There has certainly been a church on this site since the 13th century (maybe earlier) and, being alongside the busy main road, it must have seen many changes from the stage coach to the roar of almost continuous modern traffic. Yet this building really is a delightful sanctuary from the rigors of modern life.
The nave is C13 and the north transept C14. The building had to wait until C15 to receive a south aisle, the tower, the porch and the Arundell chapel for the Lords of the Manor. The 1883 chancel and nave north windows arrived to a design by G.R.Crickmay of Weymouth. The perpendicular font 14 or C15 has a flat bowl and a simple more recent cover. The attractive organ appeared in 1892 and was originally placed in the Arundell chapel, effectively obscuring it. However, in 1969 the instrument was moved to its present position.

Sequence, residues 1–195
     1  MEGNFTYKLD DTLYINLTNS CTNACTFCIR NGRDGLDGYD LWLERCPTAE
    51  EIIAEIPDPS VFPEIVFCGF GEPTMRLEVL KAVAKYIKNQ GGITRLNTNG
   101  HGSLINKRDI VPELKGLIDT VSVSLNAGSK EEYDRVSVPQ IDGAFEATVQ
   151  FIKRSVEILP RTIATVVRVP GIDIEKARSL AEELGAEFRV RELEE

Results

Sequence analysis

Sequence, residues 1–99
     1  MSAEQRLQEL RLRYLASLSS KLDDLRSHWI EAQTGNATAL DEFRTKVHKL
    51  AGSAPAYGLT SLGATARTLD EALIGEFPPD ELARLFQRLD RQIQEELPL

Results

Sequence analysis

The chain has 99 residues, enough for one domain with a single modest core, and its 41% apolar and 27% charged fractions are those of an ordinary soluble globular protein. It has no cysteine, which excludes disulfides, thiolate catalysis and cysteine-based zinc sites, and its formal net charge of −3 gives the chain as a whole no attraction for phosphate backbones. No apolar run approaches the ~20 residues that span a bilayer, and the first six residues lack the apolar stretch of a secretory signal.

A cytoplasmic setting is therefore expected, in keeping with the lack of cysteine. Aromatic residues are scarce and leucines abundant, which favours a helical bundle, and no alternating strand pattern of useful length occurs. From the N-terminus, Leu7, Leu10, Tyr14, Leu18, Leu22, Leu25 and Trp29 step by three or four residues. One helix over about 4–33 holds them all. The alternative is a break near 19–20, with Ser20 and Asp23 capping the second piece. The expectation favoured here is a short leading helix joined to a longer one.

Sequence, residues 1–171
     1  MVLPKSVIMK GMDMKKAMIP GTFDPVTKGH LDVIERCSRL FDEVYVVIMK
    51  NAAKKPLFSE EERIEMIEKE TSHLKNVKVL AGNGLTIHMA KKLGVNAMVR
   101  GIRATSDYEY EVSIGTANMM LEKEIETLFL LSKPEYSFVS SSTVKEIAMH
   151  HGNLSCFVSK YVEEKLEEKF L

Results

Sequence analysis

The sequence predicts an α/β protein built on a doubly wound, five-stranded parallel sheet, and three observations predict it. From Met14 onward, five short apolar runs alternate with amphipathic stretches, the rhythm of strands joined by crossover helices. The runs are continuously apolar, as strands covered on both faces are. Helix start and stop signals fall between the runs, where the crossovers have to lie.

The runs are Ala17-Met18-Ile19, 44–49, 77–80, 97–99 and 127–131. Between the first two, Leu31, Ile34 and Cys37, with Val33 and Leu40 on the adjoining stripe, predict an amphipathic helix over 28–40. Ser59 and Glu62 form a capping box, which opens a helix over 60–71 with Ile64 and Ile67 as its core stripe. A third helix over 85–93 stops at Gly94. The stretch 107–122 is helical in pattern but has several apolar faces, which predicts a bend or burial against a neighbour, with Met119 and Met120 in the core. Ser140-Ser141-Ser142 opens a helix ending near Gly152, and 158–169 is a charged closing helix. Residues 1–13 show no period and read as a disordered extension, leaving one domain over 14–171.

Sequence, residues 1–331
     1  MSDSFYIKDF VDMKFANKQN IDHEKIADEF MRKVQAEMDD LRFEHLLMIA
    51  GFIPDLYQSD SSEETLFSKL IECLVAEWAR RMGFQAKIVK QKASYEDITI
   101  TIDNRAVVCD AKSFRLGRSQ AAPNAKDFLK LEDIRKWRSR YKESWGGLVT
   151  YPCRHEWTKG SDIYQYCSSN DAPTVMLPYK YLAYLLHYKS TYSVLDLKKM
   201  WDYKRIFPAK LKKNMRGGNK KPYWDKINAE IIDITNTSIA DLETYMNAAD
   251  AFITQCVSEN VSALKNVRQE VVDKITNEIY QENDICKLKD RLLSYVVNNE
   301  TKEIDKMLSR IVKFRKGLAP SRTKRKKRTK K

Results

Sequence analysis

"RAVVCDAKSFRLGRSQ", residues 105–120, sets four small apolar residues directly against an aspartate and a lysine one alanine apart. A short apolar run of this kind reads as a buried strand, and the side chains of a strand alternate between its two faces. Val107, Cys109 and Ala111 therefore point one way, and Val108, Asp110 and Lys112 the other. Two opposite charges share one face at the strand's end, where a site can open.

The ornate cross, displayed in the chancel and shown right, came from Palestine where it was damaged when used by Christians to separate Jews and Palestinians.
Detail of the black marble monument in the south aisle thought to be Sir John Chideock dressed in typical Henry VIII armour.
This is a beautiful little church, well worth visiting.
The Trust gratefully acknowledges images and text by Robin Adeney ©